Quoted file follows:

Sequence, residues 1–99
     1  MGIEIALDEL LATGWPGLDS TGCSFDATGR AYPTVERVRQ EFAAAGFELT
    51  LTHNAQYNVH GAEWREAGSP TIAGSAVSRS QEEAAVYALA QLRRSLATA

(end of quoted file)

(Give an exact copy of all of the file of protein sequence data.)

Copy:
Sequence, residues 1–99
     1  MGIEIALDEL LATGWPGLDS TGCSFDATGR AYPTVERVRQ EFAAAGFELT
    51  LTHNAQYNVH GAEWREAGSP TIAGSAVSRS QEEAAVYALA QLRRSLATA